Easy Sleeve Installation?
I am making a shirt out of a polyester chiffon which has been a challenge and to make things easier I put in the sleeves using the flat method ( can’t remember the proper term for this)and closing up the sleeve seam and garment side seam in one go.
It seems to have worked okay but there is surely a good reason for setting in sleeves by sewing the sleeve seam and then gathering the sleeve cap, etc. Can anyone enlighten me?
I only do the traditional set in sleeve method with a two-piece sleeve. I set in all other sleeves using the flat method - hardly any pins with the sleeve side down against the feed dogs of the machine. I would never go back to the old way!
Learned this technique from Margaret Islander tapes and a book on industrial techniques.
*It has to do with how steep the curve of the sleeve cap is and how high the sleeve rests in the underarm of the body. On a drop-shoulder style where the sleeve cap is very shallow, (and the underarm is low), it is easy to set the sleeve before doing a continuous undersleeve/side seam. For one thing, it is usually not necessary to trim the seam allowance in the underarm area if the underarm is low. However, on a traditional, very steeply rounded, sleeve cap it is easier to control the ease by setting the finished sleeve into a finished armseye. This type of set-in sleeve is more likely to have an underarm that sits closer into the armpit. For comfort, you would want to trim away some of the seam allowance after sewing and reinforcing - something you can only do if the sleeve is sewn in the round. This is particularly true if the garment has a "European" silhouette where the underarm is quite high into the armpit.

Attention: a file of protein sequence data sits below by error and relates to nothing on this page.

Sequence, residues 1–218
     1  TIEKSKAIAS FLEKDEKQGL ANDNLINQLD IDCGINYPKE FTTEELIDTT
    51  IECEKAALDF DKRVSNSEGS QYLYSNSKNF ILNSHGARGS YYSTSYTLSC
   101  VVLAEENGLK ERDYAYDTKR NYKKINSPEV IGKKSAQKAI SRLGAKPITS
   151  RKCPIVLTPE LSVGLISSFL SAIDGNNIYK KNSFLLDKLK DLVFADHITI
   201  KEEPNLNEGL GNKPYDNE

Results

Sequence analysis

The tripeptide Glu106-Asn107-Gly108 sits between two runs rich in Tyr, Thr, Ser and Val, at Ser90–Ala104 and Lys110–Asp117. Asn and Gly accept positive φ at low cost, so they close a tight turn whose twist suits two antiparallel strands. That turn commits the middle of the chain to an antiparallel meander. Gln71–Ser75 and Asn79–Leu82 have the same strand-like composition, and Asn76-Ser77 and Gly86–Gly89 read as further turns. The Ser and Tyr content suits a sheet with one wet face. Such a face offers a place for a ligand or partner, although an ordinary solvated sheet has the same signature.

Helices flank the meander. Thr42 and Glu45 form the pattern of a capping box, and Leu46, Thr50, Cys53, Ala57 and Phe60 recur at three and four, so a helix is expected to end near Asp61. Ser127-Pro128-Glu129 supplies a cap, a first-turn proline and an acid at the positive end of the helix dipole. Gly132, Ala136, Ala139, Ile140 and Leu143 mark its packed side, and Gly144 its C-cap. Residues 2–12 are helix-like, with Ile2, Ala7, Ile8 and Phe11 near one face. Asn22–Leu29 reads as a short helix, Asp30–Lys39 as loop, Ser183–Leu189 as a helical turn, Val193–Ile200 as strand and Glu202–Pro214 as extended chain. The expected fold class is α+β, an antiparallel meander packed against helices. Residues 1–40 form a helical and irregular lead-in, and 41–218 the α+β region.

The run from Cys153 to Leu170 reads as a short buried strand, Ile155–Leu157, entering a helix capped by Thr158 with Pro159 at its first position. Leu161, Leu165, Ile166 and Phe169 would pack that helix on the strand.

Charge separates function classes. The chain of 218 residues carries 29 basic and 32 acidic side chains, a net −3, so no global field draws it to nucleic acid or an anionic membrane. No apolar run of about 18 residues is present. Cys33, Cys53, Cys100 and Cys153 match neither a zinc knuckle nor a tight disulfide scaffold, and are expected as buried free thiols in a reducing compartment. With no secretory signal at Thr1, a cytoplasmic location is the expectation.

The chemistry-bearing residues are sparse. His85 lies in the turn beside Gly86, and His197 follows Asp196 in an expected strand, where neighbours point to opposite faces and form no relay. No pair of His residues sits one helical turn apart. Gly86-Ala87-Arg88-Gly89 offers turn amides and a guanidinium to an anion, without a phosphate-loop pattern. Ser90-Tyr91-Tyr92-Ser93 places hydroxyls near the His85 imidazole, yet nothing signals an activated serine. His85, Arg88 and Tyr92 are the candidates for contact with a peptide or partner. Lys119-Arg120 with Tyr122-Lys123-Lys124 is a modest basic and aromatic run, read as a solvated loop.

*Another reason for setting a sleeve in in the round is that it fits better and is more comfortable. When you sew the sleeve and side seams in one operation the edge of the seam allowance is shorter than the seam in the underarm area and this can be uncomfortable. It works on a flat cap sleeve because the armhole is so big. Even when I use the flat method of sewing in a sleeve I usually leave the last 3 cm or so unstitched until after the side seam and sleeve seams are sewn and then finish the underarm section. The same is true when sewing pants. The crotch seam should be sewn after the inseams, center front and center back seams. If ready made pants keep coming apart in the crotch area it is probably because these seams are sewn in the opposite order which creates stress as the edge of the seam allowance is shorter than the ctotch seam and pulls.
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